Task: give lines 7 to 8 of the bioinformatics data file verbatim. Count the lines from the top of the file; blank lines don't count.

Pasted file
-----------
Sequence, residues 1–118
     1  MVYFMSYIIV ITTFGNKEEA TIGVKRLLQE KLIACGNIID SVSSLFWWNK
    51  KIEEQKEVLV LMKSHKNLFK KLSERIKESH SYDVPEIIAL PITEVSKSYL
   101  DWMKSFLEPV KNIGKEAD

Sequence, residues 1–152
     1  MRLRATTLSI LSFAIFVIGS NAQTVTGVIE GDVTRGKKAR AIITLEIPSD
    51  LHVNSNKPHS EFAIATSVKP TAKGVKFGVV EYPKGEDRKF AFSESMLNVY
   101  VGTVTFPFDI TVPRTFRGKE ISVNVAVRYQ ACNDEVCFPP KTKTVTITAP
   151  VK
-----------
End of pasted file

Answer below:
    51  LHVNSNKPHS EFAIATSVKP TAKGVKFGVV EYPKGEDRKF AFSESMLNVY
   101  VGTVTFPFDI TVPRTFRGKE ISVNVAVRYQ ACNDEVCFPP KTKTVTITAP